Over the past few years, car owners have become increasingly dissatisfied with their vehicles. But a new study from the American Customer Satisfaction Index suggests that for most automakers, consumer sentiment has made a turn for the better.
ACSI's 2016 Automobile Report polled 3,776 auto customers, asking them to evaluate their experiences with a wide range of car brands, using a scale of 0 (not at all satisfied) to 100 (over the moon). Most of the questions consumers were asked had to do with a car's design or performance--how it looked on the inside and outside, how it handled on the road, and so on. However, there were a couple of questions that related more directly to the buying experience, like how easy the automaker's website was to navigate and how pleased respondents were with their warranties.
The 2015 ACSI survey saw continued declines in satisfaction, which was attributed to several years of high-profile recalls. In 2016, however, the average ACSI score climbed for the first time since 2012. On ACSI's 100-point scale, the average score in 2016 is 82, up 3.8 percent from last year.
What's especially interesting about the 2016 ACSI Automobile Report is the way that mass-market brands stack up to their luxury siblings. In many other surveys--whether they concern satisfaction with cars, satisfaction with the buying experience, or the passion that vehicles inspire in their owners--luxury vehicles often take the top spots, with mass-market brands bringing up the rear.
But the 2016 Automobile Report shows a fairly even split at both ends of the chart. As you can see above, Ford's luxury marque, Lincoln took top honors in this year's survey, earning 87 points (up five percent from last year). However, Honda was right on its tail, with a score of 86 (up eight percent). Toyota and BMW tied for the number three spot, with 85 points each (both up four percent).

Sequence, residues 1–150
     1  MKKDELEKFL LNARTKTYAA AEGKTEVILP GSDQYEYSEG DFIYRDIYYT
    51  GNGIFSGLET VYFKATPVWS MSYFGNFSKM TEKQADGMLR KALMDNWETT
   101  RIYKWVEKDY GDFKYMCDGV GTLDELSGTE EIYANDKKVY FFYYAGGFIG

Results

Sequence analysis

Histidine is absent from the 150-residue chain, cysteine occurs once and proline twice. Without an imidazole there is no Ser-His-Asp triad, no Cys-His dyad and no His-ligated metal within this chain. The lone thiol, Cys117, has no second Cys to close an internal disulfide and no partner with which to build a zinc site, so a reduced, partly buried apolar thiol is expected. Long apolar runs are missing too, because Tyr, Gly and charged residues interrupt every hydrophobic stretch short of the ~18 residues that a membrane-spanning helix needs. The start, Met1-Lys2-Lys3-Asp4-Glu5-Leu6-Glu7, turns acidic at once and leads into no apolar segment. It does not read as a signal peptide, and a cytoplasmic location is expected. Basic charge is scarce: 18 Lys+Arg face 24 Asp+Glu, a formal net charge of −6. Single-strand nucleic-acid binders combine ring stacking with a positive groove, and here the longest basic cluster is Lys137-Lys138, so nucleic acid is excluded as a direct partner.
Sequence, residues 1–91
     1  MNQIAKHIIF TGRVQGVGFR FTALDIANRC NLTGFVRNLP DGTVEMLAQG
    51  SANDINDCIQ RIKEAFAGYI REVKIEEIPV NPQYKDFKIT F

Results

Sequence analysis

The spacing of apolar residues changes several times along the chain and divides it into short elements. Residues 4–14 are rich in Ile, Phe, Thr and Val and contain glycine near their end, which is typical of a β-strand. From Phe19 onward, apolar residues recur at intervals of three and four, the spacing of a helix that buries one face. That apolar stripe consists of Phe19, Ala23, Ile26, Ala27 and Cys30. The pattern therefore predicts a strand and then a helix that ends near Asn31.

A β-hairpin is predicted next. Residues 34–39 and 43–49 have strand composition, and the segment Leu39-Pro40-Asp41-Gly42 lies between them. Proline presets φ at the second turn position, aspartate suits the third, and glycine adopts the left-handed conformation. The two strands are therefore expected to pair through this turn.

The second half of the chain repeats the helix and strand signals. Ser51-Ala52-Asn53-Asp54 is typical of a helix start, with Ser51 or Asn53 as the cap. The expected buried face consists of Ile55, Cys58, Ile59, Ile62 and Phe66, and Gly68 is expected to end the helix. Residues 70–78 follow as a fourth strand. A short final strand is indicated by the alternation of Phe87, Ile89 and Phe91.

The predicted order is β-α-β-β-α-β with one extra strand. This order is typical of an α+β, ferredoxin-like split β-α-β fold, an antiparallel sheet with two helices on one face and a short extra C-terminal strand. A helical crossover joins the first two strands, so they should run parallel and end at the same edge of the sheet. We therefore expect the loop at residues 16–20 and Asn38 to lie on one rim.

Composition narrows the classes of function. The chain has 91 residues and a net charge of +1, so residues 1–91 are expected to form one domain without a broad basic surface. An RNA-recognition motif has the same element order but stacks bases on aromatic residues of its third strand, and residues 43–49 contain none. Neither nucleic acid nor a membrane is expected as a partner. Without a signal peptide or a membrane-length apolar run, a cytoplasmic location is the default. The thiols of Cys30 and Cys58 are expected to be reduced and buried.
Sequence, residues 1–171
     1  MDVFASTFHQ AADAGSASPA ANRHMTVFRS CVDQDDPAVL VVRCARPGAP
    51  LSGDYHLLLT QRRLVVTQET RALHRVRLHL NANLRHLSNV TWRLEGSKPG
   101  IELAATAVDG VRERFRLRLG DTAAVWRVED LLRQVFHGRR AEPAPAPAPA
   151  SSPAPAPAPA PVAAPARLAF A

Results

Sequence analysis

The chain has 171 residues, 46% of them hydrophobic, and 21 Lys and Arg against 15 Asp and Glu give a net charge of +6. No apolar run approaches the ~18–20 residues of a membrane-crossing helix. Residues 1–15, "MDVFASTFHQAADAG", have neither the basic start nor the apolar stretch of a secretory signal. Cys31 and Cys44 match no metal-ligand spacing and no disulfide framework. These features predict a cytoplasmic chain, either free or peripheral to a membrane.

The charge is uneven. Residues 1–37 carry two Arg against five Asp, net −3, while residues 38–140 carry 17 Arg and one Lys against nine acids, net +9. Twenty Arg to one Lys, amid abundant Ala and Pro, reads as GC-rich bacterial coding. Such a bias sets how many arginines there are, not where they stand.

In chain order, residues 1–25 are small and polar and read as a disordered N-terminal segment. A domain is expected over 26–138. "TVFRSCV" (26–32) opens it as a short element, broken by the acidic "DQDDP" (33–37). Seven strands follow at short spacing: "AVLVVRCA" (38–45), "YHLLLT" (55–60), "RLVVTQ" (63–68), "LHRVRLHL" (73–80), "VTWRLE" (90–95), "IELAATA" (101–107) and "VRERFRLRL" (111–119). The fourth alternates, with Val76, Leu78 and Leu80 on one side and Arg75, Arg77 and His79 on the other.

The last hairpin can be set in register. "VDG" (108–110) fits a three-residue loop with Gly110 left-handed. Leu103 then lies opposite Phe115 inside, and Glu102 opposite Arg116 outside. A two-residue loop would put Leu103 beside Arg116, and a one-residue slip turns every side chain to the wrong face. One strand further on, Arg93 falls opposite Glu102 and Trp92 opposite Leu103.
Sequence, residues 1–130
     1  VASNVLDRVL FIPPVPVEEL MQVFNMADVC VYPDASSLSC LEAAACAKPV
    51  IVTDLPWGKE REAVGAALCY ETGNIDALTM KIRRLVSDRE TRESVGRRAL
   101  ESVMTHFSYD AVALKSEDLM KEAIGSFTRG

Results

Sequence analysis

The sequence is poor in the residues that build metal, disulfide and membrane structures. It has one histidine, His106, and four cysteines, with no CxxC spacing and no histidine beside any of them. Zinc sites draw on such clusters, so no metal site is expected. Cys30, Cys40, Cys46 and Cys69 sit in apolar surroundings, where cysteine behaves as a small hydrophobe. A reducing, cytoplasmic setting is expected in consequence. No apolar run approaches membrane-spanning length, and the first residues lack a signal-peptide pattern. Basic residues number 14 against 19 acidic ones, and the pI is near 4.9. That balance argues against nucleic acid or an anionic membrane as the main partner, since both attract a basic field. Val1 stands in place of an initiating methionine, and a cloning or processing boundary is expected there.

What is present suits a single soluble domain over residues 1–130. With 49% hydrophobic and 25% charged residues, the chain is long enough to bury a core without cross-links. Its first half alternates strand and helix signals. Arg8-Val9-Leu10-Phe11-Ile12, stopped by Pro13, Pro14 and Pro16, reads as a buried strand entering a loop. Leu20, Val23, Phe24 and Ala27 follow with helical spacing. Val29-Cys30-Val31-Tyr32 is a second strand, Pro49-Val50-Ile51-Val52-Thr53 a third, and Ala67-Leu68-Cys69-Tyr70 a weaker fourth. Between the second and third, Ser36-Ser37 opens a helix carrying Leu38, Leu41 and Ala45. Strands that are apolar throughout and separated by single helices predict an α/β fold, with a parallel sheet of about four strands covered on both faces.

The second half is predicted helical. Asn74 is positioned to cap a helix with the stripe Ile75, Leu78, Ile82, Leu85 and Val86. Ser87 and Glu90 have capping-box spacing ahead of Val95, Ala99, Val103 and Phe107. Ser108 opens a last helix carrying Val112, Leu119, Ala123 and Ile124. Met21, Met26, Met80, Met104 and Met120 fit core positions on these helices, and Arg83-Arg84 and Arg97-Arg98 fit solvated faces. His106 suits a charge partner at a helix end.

This trend could continue, as luxury and mass-market automakers roll out similar upgrades, particularly those focused on safety, self-driving, and infotainment. ACSI Chairman Claes Fornell notes that "The rise of mass-market vehicles may well be at the expense of luxury brands in the sense that buyers now see little differentiation between luxury cars and regular ones. If there is little difference, why pay more? Exclusivity may not be enough."
At the very bottom of this year's rankings was Acura, which has suffered on other surveys as of late. Its score of 76 represented a tumble of eight percent from last year.
Volkswagen didn't fare much better, with a score of 78. That was three percent lower than in 2015, and its scores could fall much further, given the ongoing Dieselgate scandal. ACSI's David VanAmburg explains: "The combination of fines and fallen stock price are a big hit to Volkswagen’s finances, but it may prove even harder to recover from the reputational hit the company will take for deceiving customers and the general public. Many customers or would-be customers could be turned-off of VW for life and it’s hard to put a value on that."
What's also interesting is that increased satisfaction among U.S. brands has eroded some consumer sentiment that once saw Asian marques as superior. On average, Asian and European brands scored 82 points on the ACSI survey, while Detroit was right behind, at 81 points. Among domestic marques, Ford held the lead, with an average score of 84 points, GM was in the middle with 81, and Fiat Chrysler brought up the rear with 78.
ACSI's study focused on the largest automakers doing business in the U.S., based on market share. That left out a number of smaller brands, including well-known, well-loved ones like Porsche and Tesla. Because they have less representation in the market, consumer familiarity with those brands is more limited, meaning that there's a smaller amount of survey data and a greater chance that scores could be distorted and skew up or down.